NEW O-TRAINS ARRIVE IN OTTAWA I was pleased to see the new O-trains arrive in Ottawa this past week. As you may know, the O-Train service is currently undergoing a major expansion. The upgrades include the addition of two passing tracks, signal upgrades, station modifications and Walkley Yard upgrades. When the upgrades are completed, the O-Train service will improve from every fifteen minutes to approximately every eight minutes in 2014 when the new trains are put into service. SABINE GIBBINS/METROLAND
A replacement bus service, designated as Route 107, is currently in operation.
Zombies will make a special appearance during this year’s Rattle Me Bones’ 20th annual event, in support of The Ottawa Hos- Route 107 runs parallel to the O-Train service to serve stops adjacent to all O-Train stations. pital. This year;s race will be in support on bone cancer research.
Zombies to make appearance at Rattle Me Bones Ottawa Hospital’s premier fundraising race offers registrants new twist
OTTAWA LOCAL IMMIGRATION PARTNERSHIP FORUM It was my pleasure to represent the City of Ottawa as Deputy Mayor at the 2nd Annual Forum for the Ottawa Local Immigration Partnership (OLIP). Immigration is key to Ottawa’s prosperity and vitality and without immigration, Ottawa cannot sustain the population and labour force growth needed for our economic, social and cultural sustainability.
SABINE GIBBINS firstname.lastname@example.org
Since its creation, OLIP has been working tirelessly with numerous key local institutions to develop the Ottawa Immigration Strategy, which aims to improve local capacity to attract, welcome and integrate immigrants to our city and, in doing so, contribute to the prosperity, vibrancy and exclusivity of our community. Immigration is a key factor in Ottawa’s future prosperity and success. All three levels of government and local stakeholders know that if Ottawa is to be successful in enhancing its economic, social and cultural vitality, we must plan at the local level to attract, retain and integrate immigrants. I extend my sincere congratulations and appreciation to the Ottawa Local Immigration Partnership Council for their work in the community.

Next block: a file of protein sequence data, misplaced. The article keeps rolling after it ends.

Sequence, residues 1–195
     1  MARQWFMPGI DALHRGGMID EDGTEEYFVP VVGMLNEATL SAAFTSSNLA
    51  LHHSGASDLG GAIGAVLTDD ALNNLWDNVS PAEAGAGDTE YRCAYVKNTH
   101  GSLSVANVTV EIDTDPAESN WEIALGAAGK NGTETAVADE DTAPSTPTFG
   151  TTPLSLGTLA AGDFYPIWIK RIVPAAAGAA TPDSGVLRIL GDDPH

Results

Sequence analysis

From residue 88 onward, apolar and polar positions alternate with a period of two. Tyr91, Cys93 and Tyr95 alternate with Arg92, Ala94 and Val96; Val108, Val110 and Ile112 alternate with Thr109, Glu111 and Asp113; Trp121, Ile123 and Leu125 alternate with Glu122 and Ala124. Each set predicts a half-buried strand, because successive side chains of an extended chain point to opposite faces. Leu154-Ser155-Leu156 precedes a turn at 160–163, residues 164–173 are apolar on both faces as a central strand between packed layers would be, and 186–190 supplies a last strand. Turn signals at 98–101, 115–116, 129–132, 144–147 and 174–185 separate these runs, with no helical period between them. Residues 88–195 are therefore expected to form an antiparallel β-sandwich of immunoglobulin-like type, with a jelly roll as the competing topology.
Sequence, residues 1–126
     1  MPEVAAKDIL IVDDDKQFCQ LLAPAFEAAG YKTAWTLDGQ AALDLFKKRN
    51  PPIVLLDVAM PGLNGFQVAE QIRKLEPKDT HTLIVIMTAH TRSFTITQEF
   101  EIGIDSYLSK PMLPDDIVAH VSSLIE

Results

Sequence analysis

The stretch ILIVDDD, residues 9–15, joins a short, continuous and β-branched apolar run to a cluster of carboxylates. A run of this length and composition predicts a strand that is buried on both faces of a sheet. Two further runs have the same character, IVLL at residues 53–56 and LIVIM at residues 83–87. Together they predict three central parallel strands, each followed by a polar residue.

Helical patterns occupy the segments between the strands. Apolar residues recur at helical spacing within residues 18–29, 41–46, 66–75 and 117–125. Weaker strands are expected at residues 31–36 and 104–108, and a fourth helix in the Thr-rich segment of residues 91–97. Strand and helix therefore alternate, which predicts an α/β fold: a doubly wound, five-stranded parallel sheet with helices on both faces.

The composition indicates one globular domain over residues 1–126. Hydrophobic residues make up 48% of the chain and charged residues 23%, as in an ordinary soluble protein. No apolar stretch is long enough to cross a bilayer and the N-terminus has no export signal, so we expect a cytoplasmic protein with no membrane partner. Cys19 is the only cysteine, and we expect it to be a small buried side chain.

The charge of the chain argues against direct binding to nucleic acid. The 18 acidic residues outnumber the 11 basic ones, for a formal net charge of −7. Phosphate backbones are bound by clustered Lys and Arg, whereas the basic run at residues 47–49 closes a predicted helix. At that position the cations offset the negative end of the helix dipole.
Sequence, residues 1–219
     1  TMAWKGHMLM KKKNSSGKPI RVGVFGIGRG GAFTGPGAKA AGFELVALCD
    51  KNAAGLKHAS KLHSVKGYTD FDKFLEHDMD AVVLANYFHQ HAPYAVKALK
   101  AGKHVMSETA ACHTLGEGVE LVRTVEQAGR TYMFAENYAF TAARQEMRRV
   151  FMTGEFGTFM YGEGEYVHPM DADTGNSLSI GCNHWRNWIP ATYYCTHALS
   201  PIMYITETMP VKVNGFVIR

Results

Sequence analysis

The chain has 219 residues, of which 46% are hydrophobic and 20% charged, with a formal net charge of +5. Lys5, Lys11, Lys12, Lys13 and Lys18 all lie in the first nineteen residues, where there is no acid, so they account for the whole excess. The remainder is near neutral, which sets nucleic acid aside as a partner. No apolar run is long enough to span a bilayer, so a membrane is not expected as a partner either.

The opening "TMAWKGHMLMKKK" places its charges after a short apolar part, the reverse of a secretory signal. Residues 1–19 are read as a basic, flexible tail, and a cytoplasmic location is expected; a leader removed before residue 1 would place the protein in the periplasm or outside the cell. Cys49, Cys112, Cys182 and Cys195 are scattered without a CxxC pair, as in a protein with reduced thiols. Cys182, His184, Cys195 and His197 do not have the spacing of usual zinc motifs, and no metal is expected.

RIVERSIDE SOUTH CANADA DAY I would like to thank all residents who came out to enjoy the Riverside South Canada Day festivities this past weekend. The event was once again a great success. I would also like to thank the Riverside South Community Association, volunteers, and sponsors for organizing this community event for the enjoyment of all residents.
SLOW DOWN ON COMMUNITY STREETS
Zombies were spotted wandering the grounds of the Ottawa Hospital’s General Campus last week in celebration of the newest addition to this year’s Rattle Me Bones race – a five kilometreZombie Crossbone leg. searchers at the hospital make valuable discoveries that will change the course of bone cancer diagnoses,” said Ottawa Hospital surgeon Dr. Joel Werier. All registrants will get the classic longsleeved cotton T-shirt, but this year, entrants have a chance to earn an additional long-
sleeved technical running jersey. If participants raise more than $50, they will get a free shirt. When competitors raise $175, they will refund the price of the race fee. For more information on the race or to register, visit ohfoundation.ca.
I would like to remind drivers to be cautious on the road with the added volume of children in the community. I know that speeding is a serious concern for many residents in our neighbourhood and I would like to remind drivers to please slow down when driving in your neighbourhood. Thank you for your cooperation.